As the use of AI and machine learning grows, there are opportunities to better serve viewers with relevant content when and how it is requested.
The year was 1995, and Tim Berners-Lee’s World Wide Web was still a relatively new graphical communication format, consisting mainly of static HTML-based pages. At the time, I had the opportunity to sit in on what was one of the world’s first two-way internet-based video feeds between two IBM locations in New York and San Diego. The images were herky-jerky, the audio was tinny and echoing, but something big and significant was being brought into the world — the ability to deliver multimedia communications from any point to any point by anyone.
Few at that time could imagine how the internet would be eventually become the base for real-time video streaming services such as Netflix or YouTube, but innovators at IBM had an idea of where things could take us.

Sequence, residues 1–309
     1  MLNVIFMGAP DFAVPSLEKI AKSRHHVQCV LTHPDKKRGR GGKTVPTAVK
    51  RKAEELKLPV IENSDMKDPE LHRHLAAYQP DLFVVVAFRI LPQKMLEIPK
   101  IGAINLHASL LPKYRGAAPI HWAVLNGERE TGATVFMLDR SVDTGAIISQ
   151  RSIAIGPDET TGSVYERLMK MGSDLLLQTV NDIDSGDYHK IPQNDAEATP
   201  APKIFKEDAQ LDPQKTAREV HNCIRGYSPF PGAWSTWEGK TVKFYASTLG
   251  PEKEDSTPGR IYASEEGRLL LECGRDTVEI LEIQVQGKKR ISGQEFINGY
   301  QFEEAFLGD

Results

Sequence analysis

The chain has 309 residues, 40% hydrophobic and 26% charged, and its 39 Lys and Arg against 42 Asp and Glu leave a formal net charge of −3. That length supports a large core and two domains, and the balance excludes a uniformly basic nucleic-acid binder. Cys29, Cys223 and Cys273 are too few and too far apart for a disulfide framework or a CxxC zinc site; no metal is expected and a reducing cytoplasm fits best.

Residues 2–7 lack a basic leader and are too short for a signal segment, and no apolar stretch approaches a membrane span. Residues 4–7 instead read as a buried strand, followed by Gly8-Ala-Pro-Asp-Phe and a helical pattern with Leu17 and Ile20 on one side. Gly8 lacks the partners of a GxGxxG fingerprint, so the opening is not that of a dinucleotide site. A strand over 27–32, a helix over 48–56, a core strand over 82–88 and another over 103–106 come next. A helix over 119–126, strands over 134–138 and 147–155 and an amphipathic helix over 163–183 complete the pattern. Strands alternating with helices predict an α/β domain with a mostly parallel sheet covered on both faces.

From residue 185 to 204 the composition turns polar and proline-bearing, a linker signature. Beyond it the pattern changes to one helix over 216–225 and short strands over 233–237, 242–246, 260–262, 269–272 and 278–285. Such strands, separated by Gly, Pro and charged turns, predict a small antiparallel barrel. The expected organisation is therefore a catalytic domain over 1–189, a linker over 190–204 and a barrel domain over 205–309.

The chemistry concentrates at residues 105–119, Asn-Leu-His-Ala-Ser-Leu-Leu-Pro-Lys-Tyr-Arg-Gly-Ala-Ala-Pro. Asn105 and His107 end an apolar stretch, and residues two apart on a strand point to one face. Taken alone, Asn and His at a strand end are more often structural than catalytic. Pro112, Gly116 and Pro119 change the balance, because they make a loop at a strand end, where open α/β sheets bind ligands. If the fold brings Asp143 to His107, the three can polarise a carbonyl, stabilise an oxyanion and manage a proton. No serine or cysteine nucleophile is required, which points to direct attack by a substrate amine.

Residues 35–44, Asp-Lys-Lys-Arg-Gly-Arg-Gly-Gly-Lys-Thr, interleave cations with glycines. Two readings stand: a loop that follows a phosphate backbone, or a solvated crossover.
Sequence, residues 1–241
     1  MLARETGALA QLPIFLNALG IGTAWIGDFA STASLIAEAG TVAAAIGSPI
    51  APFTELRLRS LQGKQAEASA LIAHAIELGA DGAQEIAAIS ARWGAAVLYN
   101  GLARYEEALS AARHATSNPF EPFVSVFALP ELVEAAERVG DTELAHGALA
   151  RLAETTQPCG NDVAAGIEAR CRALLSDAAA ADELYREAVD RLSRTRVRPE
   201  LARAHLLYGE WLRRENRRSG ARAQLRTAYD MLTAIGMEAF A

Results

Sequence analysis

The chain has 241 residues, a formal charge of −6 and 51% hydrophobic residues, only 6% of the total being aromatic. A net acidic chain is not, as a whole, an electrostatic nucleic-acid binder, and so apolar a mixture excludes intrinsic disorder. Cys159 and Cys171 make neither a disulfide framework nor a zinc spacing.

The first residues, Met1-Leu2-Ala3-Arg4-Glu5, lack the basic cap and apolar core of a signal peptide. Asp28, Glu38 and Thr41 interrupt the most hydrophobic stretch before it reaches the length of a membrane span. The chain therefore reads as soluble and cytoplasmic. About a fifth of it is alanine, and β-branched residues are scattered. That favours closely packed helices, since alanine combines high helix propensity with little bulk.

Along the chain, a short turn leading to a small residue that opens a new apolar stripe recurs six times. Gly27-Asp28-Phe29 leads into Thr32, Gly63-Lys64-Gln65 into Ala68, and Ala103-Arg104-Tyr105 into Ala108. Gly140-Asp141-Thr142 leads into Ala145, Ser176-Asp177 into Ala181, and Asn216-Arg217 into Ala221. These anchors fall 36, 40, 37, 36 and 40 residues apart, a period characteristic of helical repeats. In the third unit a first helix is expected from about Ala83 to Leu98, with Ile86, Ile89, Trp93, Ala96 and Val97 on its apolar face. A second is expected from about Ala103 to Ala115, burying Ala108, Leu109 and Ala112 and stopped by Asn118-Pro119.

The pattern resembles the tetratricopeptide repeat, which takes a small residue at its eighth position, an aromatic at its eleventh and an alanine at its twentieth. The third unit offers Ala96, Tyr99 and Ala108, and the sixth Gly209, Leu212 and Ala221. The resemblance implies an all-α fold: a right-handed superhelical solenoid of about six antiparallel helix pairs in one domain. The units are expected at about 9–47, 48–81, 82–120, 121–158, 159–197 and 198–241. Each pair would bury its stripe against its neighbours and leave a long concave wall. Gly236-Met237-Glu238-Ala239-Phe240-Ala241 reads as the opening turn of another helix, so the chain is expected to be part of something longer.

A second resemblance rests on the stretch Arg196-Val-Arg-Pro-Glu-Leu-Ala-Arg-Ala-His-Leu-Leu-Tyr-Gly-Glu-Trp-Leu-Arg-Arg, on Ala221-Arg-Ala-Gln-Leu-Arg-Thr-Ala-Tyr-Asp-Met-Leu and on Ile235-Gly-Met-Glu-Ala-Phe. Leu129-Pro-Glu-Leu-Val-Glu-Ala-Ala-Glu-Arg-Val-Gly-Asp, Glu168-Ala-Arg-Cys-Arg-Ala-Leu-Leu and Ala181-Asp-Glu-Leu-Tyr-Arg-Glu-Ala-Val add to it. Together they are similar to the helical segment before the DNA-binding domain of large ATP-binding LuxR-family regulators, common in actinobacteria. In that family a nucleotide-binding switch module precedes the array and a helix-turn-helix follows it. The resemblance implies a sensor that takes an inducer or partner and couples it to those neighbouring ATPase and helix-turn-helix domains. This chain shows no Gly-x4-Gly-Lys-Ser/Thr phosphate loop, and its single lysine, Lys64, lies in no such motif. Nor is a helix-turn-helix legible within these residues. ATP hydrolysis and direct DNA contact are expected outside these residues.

See also: Too Much Real-Time Video? Visual Analytics Can Help
Fast forward 24 years, and there’s no question that streaming video services — with quality that matches or surpasses traditional broadcast media — have now become a dominant force in the consumer internet space. Netflix has been the leading force (and consumer of internet bandwidth), but Disney Plus, WarnerMedia and NBCUniversal are also entering the space — and a media land-grab is on.
Not only are seeing an enhanced ability to deliver real-time video services, but, even more significantly, this is a two-way interaction that is providing valuable data on viewer reactions and preferences. As we advance into the realms of AI and machine learning, there are opportunities to better serve viewers with relevant content when and how it is requested.